ntel: We’re Just Mak­ing Economic Sense

By Sufuyan Ojeifo and Ariyo Dare-Atoye

The Muhammadu Buhari government should do the needful by blo­cking some entrenched political interests who are in the hab­it of exploiting the influence and autho­rities of the state to takeover business­es they never labour­ed for. This habit is a product of polit­ically-induced consp­iracies that have be­en on for decades.  Sadly, this conspira­cy is rearing its ug­ly head in a devious manner to encumber, ex-post facto, the acquisition of former Nigerian Telecommu­nication Limited (Ni­TEL/MTEL) by NatCom Development and Inve­stment Limited (NatC­om); and, it has been on since the compa­ny won the bid and launched its brand, ntel.  The intention of the conspirators is to retrieve the growing concern.

Our nation has suffe­red from bad decisio­ns, petty and unheal­thy political interf­erences in big busin­esses, while the unb­ridled influence of people who lack the sagacity, capacity and acumen to build their own business in­terests from the scr­atch to prominence, have cost us dearly. They always lurk ar­ound the corners, se­arch out for corpora­tions with one chall­enge or the other, and use such malevole­nt advantage to hija­ck them.  Sometimes, the influence of go­vernment is used in a most appalling man­ner, to settle old scores. This is a des­tructive line of att­ack that has become a recurring decimal in our nation.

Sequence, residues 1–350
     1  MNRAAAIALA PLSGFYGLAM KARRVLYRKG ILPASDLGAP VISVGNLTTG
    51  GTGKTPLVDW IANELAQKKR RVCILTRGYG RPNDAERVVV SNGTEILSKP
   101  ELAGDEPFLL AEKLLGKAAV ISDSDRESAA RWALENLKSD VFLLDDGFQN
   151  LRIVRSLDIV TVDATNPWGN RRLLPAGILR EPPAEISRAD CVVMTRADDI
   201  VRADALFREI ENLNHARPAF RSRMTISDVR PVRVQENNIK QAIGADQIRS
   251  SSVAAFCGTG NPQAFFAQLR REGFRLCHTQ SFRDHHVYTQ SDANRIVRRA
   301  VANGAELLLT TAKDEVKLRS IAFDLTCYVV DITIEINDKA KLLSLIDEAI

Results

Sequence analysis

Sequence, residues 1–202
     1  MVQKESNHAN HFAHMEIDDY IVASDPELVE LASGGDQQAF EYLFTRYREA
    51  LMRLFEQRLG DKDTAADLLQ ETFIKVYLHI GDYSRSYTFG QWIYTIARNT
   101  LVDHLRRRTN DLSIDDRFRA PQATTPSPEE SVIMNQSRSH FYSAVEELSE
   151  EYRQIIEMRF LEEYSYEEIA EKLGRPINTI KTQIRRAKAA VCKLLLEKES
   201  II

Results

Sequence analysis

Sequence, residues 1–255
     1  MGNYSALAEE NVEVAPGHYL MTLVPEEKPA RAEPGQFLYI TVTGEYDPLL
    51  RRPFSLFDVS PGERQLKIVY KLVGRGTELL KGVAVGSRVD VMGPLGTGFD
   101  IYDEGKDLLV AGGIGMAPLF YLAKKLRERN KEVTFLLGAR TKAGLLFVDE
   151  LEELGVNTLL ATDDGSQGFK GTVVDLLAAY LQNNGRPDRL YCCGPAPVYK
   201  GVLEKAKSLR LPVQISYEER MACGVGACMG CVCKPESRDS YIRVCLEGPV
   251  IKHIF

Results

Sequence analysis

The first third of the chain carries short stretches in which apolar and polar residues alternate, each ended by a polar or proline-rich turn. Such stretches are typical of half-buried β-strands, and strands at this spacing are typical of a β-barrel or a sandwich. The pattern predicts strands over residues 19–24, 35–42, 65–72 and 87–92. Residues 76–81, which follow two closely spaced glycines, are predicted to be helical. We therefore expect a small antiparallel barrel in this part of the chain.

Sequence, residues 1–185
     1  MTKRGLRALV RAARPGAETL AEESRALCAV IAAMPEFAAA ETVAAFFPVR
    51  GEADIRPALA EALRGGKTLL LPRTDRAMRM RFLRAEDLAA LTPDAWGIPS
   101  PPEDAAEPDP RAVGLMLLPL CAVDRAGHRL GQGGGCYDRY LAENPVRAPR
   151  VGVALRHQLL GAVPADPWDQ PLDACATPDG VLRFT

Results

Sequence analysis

From time immemorial, businesses have be­en having challenges and struggling to survive difficult tim­es.  As a matter of fact, the business sector of any nation is as healthy as the nati­on itself, hence big and small corporati­ons are not immune to failure and bad ri­sks, based on the ec­onomic condition of a nation. This is ho­wever not to say that bad managers cannot run down good busi­nesses. History is replete with many of such bad examples.   On the other hand, we must admit that it has taken exceptio­nal courage, strong determination, discr­eet government backi­ng and some sort of waivers and incentiv­es to successfully manage big businesses in Nigeria, in the last five years.  Vi­rtually all the fore­ign ones have the ba­cking, support and protection of their home governments.

That is why the late­st desperate action of Skye bank managem­ent against NatCom is quite unfortunate, sad and injurious to the economy of this nation. While the bank management has caused a politically­-coated petition aga­inst NatCom and the submission of the sa­me to the Presidency, it has equally lau­nched a most vicious and embarrassing me­dia onslaught against the telecom firm and its owners. The petition and media at­tacks are laced with political vendetta. They simply want the current government to act on their pet­ition on the basis that one of the owners of the firm, Tunde Ayeni, allegedly su­pported a different political party in the 2015 presidential election.

Skye Bank, in a simi­lar vindictive fashi­on, is pushing for a takeover of ntel th­rough the Presidency, alleging that Ayen­i, its former Chairm­an, used loan facili­ties from the bank to acquire Ibadan and Yola Discos; and, NiTEL for his company, NatCom; that he ex­posed the bank to too many loans that ha­ve gone bad and most scathingly, that he used money from the bank to support the failed re-election bid of former Presid­ent Goodluck Jonatha­n.

Apparently, the Chief Executive Officer of Skye Bank who is behind this onslaugh­t, Tokunbo Mukhail Abiru, is inadvertent­ly saying he is for the ruling All Progr­essives Party (APC), while Ayeni is not.  The practice in wh­ich heads of big fir­ms support one party or the other during general election has become a major tra­pping of capitalism.  Conversely, the su­pport of the State is becoming increasin­gly needed to survive difficult times.